Just over a week ago Lorin Ashton, with the stage name: Bassnectar, voyaged himself and crew of Bass Cadets to our hometown to play a whimsical performance. EOTO (2 members of the String Cheese Incident) was the opening act for this event.
Today, the “Bassnectar Music/Band Fan Page” on Facebook has 646,074 fans. Comparing this fact to that of a band such as Phish with 521,554 fans on Facebook one may see how our current generation of music-goers cater to this electronic Disk Jockey style of performance. Hence, the reason this genre of concert is beginning to see the average age to be significantly younger. This event followed suit.
Bassnectar has been selling out concert venues, bars, and clubs all across globe, including tours internationally. He provides music enthusiasts with jaw-dropping bass performances and incorporates DubStep, hip-hop, and electronic alterations into his setlists. He is considered a solo DJ that produces unique and creative bass reverberations and has recently been coined the “Monster of Womp,” due to his catchy dubstep bass waves.
The Eagles Ball Room was near capacity and Bass Heads occupied the entire balcony area above. This concert was part of his fall tour promoting his new EP “Divergent Spectum,” containing remixes of Ellie Goulding- Lights, and also sampling Ill Gates and Gogol Bordello.
Bassnectar’s lighting displays have always correlated well with the music he is playing at a given time. Years ago during his mellower drum and bass performances the visuals would match the melodies in an organically, in-depth-growing, adventurous way. Today, his shows contain lighting displays similar to those of Umphrey’s McGee or Future Rock in the aspect that they are more fast paced, continuous bright patterns that rapidly change to the damaging bass cannons Lorin has began to drop.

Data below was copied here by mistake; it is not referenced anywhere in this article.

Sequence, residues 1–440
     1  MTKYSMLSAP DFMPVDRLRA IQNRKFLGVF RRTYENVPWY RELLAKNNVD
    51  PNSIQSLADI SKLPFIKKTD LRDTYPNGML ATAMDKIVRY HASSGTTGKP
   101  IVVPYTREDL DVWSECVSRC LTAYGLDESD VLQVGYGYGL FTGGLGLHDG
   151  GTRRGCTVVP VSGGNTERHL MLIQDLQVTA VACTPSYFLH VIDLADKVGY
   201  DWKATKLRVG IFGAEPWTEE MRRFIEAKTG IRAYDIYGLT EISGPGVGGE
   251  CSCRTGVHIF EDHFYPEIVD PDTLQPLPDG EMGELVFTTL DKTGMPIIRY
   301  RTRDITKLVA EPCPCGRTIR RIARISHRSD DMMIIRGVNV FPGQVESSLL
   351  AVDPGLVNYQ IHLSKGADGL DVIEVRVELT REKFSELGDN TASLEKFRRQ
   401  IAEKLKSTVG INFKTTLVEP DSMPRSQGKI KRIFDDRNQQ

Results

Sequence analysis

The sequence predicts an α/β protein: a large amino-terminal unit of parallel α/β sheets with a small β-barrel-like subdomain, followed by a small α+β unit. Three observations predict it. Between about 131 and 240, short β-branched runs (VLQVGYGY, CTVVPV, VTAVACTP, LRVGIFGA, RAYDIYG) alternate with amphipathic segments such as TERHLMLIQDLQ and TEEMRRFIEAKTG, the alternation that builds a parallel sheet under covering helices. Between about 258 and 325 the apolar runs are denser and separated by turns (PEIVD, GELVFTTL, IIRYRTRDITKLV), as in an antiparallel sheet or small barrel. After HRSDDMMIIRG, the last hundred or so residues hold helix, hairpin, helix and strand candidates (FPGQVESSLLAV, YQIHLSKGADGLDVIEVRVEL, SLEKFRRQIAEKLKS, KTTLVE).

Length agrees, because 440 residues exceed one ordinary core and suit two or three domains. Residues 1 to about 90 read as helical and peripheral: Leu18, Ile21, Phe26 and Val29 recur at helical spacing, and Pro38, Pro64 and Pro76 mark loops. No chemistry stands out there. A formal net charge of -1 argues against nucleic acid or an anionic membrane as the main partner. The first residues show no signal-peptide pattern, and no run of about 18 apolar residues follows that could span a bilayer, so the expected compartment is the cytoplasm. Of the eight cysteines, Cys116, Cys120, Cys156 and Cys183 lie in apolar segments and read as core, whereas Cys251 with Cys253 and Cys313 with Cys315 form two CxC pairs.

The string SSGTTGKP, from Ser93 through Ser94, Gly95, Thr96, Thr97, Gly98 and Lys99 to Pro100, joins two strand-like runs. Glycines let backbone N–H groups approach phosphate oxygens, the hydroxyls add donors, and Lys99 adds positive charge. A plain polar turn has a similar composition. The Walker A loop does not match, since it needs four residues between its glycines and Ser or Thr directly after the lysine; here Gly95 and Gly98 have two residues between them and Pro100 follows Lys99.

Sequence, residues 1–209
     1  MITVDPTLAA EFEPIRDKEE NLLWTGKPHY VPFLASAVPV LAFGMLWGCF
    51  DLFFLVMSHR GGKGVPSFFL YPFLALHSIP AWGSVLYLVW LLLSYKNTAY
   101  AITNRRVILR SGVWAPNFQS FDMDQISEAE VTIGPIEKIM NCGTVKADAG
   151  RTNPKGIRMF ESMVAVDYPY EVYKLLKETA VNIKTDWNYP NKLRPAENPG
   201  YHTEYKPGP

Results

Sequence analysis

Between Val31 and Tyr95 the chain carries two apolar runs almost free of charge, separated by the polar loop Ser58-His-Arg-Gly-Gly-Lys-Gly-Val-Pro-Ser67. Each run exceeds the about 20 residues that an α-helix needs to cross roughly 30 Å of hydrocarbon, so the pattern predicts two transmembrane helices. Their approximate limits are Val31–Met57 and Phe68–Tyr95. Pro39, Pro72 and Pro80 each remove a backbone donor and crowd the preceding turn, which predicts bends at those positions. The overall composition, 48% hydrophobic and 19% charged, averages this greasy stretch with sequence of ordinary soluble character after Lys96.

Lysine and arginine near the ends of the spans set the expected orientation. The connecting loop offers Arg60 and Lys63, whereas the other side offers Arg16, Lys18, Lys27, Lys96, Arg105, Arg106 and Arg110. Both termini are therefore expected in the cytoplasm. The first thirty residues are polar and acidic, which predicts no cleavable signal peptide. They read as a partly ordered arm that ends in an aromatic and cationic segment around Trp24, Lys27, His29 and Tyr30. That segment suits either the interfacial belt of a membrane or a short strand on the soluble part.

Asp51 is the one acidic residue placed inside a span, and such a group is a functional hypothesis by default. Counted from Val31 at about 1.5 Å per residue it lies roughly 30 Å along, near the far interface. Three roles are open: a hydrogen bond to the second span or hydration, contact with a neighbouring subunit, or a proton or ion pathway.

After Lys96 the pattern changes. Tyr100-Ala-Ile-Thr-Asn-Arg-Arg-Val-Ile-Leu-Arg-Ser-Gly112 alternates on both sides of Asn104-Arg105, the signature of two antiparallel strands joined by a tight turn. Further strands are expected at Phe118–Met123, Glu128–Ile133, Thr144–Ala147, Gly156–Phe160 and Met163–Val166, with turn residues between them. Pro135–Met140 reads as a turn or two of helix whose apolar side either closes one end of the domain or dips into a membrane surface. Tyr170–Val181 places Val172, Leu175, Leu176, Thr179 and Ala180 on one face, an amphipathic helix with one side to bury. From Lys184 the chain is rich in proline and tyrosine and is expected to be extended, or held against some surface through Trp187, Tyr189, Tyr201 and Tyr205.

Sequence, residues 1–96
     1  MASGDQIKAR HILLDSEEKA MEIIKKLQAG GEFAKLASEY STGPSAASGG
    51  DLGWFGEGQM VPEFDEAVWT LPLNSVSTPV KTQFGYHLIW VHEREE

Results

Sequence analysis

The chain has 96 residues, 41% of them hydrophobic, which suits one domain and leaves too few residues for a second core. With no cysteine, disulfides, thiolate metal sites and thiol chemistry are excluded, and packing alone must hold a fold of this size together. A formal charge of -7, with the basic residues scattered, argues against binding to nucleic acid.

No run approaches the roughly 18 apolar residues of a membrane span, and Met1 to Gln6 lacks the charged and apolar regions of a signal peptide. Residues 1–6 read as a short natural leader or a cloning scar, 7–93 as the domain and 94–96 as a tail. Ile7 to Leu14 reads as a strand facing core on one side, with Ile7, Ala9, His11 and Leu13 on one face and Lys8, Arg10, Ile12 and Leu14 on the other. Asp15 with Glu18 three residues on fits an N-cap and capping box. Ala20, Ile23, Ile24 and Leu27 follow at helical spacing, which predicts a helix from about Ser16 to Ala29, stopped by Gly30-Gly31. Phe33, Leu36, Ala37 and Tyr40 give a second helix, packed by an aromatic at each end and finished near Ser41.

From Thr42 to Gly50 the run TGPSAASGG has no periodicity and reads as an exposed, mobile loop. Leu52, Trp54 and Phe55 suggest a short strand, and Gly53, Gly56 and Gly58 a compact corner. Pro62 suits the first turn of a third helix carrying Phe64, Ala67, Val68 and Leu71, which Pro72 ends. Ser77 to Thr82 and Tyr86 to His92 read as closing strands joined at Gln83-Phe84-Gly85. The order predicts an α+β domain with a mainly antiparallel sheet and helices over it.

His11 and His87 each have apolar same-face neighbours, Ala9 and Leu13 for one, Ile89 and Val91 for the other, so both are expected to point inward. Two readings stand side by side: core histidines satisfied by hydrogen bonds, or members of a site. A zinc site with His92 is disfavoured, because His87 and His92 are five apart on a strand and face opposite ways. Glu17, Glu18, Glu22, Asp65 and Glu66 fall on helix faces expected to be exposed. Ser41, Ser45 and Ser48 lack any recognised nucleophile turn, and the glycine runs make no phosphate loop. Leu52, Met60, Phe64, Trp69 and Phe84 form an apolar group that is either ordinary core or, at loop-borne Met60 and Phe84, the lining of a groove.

The show was intriguing because he found a proper way to thread his new tracks into his set-list without making the show seem like too much of a new album promotion. He also found modern ways to incorporate pieces of his previous work into the exploration of his current trends.
There is another minor part of his shows that sets him apart; he tends to mildly sample certain portions of songs out of the realm of the mainstream ear, such as “Juicy Juice, By: Zion I & The Grouch.” He finds a way to mend these short lower-key pieces of songs into his act, and doing it without having to make them “known.”
Here are some photo’s from his performance: